Scenic 0002Back when I lived in northeastern Iowa, the smallmouth bass was decidedly missing from most streams.  Today it has made a phenomenal comeback proving a fishery for the angler that is second to none.  The difference is that in the past stream degradation cl9ouded clear, gavel laden river bottoms which are needed by smallmouth bass.  In recent years the numbers and size of bass caught have improved.

Iowa smallmouth bass have golden green sides and backs with faint, wavy olive blotches along the sides.  Five olive-green bars radiate back from the red eye and one radiates forward.  Fish over 3 or 4 pounds are trophies.  They feed on fish, crustaceans, and large insects.  The smallmouth in Iowa re found in the northeastern two-thirds of the state.  They inhabit clean rivers, streams and some lakes.

In one section of the Maquoketa River some 9,700 fish release allowing anglers to catch them an average of 6.4 times.  Some prime smallmouth streams are designated catch and release areas.  Check with the Iowa Department of Natural Resources for their locations.  Deep holes, beautiful scenery and good populations of bass make the catch and release areas great fisheries.

Smallmouth anglers catch fish with ultra-light and fly tackle, and six to seven foot spinning rods.  Two to four pound test line is good.  Spinners of less than 3/8th ounce work the best but live-bait fishing can be successful with small minnows.  Small jigs with hair bodies are popular with some fishermen.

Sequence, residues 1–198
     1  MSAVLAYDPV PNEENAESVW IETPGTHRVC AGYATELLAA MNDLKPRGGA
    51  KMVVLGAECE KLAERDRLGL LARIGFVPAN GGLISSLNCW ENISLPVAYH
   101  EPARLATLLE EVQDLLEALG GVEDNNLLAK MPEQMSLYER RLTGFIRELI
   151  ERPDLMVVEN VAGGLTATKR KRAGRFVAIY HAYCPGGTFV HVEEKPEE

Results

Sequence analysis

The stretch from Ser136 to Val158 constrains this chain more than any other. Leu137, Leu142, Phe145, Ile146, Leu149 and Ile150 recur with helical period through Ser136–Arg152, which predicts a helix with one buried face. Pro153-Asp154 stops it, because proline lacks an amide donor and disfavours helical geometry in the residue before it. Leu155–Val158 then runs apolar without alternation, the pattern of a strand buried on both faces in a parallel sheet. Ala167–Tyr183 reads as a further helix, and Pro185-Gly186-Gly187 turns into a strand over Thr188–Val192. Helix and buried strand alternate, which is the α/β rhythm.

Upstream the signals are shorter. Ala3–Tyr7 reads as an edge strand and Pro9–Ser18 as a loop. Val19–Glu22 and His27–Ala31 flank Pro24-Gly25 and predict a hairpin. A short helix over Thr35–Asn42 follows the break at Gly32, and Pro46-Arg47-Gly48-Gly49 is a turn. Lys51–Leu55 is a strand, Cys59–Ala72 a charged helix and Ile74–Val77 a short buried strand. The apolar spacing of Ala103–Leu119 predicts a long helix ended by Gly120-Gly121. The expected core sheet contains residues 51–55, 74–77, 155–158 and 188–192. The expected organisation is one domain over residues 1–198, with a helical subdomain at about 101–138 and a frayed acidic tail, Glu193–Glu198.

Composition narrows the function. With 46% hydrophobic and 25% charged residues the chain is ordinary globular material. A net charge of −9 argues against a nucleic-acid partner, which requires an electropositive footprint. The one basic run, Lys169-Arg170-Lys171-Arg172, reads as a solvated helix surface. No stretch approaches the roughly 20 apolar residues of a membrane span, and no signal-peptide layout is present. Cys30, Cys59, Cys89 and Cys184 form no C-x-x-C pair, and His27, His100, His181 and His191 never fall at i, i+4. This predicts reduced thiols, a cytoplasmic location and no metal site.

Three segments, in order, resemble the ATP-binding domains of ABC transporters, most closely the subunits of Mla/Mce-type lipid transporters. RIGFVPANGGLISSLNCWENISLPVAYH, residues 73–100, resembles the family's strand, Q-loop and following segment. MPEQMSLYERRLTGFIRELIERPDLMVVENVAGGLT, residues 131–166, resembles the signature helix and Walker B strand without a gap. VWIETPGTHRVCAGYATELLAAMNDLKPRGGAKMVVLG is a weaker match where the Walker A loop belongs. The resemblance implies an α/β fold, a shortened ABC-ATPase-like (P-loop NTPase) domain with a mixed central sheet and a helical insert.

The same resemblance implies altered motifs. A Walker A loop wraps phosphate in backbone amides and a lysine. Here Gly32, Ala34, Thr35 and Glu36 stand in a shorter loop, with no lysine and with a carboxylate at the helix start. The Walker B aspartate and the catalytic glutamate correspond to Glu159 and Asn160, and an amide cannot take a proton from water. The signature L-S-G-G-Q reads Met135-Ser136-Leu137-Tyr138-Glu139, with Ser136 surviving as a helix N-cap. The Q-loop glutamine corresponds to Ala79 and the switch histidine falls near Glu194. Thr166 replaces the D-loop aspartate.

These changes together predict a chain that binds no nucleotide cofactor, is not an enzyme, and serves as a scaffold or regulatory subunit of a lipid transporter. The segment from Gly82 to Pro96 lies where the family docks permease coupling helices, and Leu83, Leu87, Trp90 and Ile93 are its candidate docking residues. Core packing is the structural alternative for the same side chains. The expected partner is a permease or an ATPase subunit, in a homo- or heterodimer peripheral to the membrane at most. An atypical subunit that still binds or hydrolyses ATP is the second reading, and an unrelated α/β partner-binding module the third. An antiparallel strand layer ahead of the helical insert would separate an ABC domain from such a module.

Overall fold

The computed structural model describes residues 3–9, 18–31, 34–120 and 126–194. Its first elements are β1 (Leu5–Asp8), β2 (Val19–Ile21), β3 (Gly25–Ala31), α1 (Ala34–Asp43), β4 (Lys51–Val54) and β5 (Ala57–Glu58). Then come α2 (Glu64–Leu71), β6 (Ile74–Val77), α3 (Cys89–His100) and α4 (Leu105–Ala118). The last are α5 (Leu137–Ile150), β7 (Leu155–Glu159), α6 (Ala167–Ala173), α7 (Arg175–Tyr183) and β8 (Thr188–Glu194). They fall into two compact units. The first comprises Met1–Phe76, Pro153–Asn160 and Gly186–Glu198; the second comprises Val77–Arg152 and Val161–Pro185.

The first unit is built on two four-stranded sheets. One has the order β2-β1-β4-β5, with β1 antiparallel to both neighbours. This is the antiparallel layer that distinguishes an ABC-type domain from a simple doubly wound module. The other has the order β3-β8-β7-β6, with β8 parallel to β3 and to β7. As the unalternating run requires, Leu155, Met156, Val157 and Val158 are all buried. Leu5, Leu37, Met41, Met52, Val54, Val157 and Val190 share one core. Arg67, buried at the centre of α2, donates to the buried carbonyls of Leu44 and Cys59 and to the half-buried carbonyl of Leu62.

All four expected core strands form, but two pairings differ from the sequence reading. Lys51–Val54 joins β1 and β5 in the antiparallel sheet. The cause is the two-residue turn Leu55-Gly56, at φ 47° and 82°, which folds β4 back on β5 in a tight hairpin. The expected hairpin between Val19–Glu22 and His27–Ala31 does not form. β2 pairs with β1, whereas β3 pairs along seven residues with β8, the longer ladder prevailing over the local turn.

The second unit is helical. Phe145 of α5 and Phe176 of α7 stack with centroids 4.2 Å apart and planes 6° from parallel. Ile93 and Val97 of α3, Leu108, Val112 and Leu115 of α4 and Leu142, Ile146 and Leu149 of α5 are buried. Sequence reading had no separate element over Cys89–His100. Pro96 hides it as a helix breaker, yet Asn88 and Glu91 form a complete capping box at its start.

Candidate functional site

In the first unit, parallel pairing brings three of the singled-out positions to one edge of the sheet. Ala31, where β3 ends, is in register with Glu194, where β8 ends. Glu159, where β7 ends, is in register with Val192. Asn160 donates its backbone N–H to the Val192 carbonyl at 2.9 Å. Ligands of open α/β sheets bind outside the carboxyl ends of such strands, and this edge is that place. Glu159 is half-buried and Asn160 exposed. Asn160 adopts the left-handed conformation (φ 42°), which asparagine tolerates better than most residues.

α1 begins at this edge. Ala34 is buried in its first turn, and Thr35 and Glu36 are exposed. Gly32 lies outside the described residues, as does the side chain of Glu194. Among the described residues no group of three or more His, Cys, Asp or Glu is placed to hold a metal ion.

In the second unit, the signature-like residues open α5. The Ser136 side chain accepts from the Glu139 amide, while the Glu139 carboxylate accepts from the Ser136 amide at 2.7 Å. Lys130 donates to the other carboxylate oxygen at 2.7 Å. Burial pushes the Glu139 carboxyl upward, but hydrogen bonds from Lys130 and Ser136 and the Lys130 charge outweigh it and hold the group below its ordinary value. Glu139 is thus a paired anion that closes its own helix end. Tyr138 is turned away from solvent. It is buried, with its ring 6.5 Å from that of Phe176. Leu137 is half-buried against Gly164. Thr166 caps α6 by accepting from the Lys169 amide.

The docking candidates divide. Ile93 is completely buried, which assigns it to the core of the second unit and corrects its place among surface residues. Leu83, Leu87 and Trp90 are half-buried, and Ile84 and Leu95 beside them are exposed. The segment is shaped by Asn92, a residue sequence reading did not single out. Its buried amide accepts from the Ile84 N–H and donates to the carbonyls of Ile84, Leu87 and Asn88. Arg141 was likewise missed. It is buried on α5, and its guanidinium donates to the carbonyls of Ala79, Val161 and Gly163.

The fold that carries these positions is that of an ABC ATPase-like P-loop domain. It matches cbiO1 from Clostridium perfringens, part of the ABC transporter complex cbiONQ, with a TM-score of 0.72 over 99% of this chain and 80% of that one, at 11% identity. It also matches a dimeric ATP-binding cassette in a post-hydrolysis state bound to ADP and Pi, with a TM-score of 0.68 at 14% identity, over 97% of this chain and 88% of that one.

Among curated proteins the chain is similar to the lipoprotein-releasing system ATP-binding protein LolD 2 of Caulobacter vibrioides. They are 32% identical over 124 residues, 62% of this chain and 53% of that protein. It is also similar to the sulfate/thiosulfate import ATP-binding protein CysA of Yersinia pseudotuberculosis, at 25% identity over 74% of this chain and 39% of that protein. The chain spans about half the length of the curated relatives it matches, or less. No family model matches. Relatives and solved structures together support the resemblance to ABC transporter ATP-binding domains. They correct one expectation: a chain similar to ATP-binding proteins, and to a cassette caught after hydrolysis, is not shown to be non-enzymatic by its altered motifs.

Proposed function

Fly fishermen prefer a number 5 or 6 weight rod in eight- to nine-foot length does the trick for smallies.  Regular weight forward line is good for shallow areas.  In deeper water, a sinking line may be preferred,   Traditional flies as well as tiny jigs and spinners are good.

For the live-bait angler, 4-pound test line with a float about two feet above a number 1/0 hook is the ticket.  A minnow is back-hooked so as to allow it movement.  Cast the rig to an area that may conceal a waiting smallmouth.

Careful handling of fish will help insure their survival after release.  Set the hook quickly when using live bait to reduce the chance of deep hooking.  Pinch down the barbs on hooks to make removal easier.  Do not use treble hooks and remove the rear hook on baits with multiple hooks.  With spinners, replace treble hooks with single hooks.

Once a fish is hooked, land it as quickly as possible.  Avoid contact with gill areas.  Handle it as little as possible.  Remove the hook while the fish is still in the water.  A pair of needle-nose pliers speeds up the hook removal process.  In releasing a deeply hooked fish cut the line as close to the mouth as possible.

If you must handle the fish, use the lip hold technique.  Insert your finger inside the lower jaw of the fish and your forefinger against the outside of the lower lip.

To revive a fish, hold it upright and move it back and forth gently forcing water over the gills.  The process, like artificial respiration, may take a little time.  A trip to northeastern Iowa’s smallmouth areas provides a memorable experience in terms of fish caught and release as well as the scenery that abounds there in the fall.



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